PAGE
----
The Hungarian-Canadian Émigré Press, the Political Immigration and     Conflict with Hungary, 1956-1989

Christopher Adam
Presented on November 13, 2008, in Lublin (Poland)

Hungary’s Foreign Ministry was keenly interested in the political activities of Canada’s sizeable Hungarian immigration, especially following the suppression of the 1956 Revolution, when more than 38,000 refugees were offered asylum by Canadian authorities. Yet the Foreign Ministry’s purpose went far beyond simply collecting information on political, cultural and social events organized by Hungarian-Canadian professional associations, fraternal benefit societies, newspapers and other community groups. Hungary’s Foreign Ministry, along with the state security agency, aimed to exacerbate existing ideological divisions among these immigrants and, at the very least, locate potentially “friendly” elements and encourage them to step into contact with Hungary. The Hungarian Embassy in Ottawa and the World Federation of Hungarians served as the main vehicles behind this venture.  While in the early fifties and sixties Hungarian authorities tried to use Canada’s Hungarian Communist émigré community—which had been a powerful political force during the interwar period—government officials soon realized that this cohort had become sectarian, lacked the will to involve left-leaning refugees after the 1956 Revolution in the movement and was ultimately suspicious of Hungary’s Communists.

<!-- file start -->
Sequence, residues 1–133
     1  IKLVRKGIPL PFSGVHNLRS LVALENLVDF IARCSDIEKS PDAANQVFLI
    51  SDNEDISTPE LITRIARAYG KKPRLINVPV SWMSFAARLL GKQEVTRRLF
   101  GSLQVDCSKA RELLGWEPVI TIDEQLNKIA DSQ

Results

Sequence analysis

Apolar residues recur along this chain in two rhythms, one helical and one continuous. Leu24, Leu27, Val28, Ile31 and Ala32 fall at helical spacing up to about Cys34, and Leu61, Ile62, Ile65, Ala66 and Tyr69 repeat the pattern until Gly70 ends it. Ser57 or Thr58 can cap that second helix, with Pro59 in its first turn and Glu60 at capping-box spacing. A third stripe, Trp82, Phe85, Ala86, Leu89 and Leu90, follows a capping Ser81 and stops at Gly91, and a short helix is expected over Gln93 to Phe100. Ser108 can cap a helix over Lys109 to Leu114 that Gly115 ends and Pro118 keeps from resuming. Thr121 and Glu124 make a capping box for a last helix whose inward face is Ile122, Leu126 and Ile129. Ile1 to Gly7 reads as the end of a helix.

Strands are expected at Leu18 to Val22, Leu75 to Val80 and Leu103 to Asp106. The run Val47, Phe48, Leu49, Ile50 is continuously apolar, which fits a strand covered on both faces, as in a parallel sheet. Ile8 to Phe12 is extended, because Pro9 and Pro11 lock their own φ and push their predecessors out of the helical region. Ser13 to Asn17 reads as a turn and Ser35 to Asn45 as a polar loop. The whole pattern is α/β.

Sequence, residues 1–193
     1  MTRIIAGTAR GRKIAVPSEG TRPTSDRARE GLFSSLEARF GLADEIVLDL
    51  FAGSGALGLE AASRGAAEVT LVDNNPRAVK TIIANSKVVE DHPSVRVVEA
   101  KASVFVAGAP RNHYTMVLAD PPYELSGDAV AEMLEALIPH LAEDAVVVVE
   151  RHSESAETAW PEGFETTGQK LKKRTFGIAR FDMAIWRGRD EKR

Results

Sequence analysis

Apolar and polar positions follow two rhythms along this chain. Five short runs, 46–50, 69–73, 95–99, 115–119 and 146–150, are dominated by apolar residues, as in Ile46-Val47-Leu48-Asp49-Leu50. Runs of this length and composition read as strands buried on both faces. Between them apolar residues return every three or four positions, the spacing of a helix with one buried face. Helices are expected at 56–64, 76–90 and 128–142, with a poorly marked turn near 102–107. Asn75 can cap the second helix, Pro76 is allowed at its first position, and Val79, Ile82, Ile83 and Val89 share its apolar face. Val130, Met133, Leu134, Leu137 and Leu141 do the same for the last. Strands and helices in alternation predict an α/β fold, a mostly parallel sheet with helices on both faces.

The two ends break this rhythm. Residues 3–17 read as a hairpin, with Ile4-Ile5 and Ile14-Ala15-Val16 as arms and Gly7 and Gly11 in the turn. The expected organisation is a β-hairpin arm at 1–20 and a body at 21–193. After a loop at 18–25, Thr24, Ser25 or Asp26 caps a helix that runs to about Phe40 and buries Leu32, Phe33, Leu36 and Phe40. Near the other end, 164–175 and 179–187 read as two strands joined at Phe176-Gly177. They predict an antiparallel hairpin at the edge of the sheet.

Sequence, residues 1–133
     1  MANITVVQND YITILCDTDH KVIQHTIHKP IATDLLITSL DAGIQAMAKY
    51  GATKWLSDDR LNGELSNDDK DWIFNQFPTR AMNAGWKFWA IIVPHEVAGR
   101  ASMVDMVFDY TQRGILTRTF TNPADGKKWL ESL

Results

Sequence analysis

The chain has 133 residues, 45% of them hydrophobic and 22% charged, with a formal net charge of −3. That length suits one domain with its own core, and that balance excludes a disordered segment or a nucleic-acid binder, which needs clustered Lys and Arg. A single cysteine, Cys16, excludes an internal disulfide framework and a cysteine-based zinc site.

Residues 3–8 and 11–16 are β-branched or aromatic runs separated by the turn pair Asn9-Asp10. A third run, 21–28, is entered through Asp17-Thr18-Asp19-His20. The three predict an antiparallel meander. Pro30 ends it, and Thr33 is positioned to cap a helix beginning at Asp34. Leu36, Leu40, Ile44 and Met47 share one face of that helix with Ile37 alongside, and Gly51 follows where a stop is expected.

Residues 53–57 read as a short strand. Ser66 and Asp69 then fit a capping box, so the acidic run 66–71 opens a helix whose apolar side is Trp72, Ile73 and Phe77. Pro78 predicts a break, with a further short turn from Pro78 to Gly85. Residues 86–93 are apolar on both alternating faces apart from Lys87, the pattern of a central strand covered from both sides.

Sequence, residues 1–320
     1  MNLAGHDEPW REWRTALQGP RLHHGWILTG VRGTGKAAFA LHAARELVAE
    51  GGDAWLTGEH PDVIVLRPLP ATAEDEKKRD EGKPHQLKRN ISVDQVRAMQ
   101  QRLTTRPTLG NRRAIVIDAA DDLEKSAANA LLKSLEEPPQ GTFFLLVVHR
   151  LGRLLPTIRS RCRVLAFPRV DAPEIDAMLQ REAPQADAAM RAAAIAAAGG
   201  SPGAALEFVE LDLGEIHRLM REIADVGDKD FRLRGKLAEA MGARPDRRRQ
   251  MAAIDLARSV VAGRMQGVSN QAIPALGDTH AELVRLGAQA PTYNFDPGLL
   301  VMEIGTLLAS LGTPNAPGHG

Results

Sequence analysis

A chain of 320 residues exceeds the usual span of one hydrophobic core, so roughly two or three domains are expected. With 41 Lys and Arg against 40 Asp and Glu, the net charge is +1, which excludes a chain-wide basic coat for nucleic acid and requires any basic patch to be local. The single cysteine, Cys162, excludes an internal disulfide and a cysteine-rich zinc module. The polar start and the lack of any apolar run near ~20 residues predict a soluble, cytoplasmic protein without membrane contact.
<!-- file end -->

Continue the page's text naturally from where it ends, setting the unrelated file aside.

Public archives in both Canada and Hungary offer rich material on Hungarian Canadian communities and their political activities. Furthermore, much of this documentation has not previously been researched in any detail. The largest collection of material on immigrant communities is available in Ottawa, at the National Archives of Canada, and these include the unpublished materials of four major weekly newspapers, as well as smaller, private collections. In addition to this Canadian documentation, two archives in Budapest, Hungary also house significant collections on Canadian Hungarians. These include reports and other documents created by the Hungarian Embassy in Ottawa and Hungary’s Foreign Ministry, both of which monitored the activities of what they labeled as “friendly” and “enemy” émigré communities and press organs. Other material stored at the Hungarian National Archives includes the papers of the World Federation of Hungarians, as well as personal collections of the most politically active immigrants. Additionally, the Historical Archives of Hungarian State Security (ÁBTL) preserves a significant number of files relating to agents who had been sent to Canada, in order to collect information the country’s political émigrés. This paper is a synthesis of material stored at the National Archives of Canada, as well as at the Hungarian National Archives in Budapest, and the ÁBTL.  By examining unpublished, primary sources preserved at these three institutions, the paper shows how Hungarian authorities went beyond simply amassing information on Hungarian-Canadians, but actually aimed to deepen already existing divisions, in order to disrupt their anti-Communist political activities.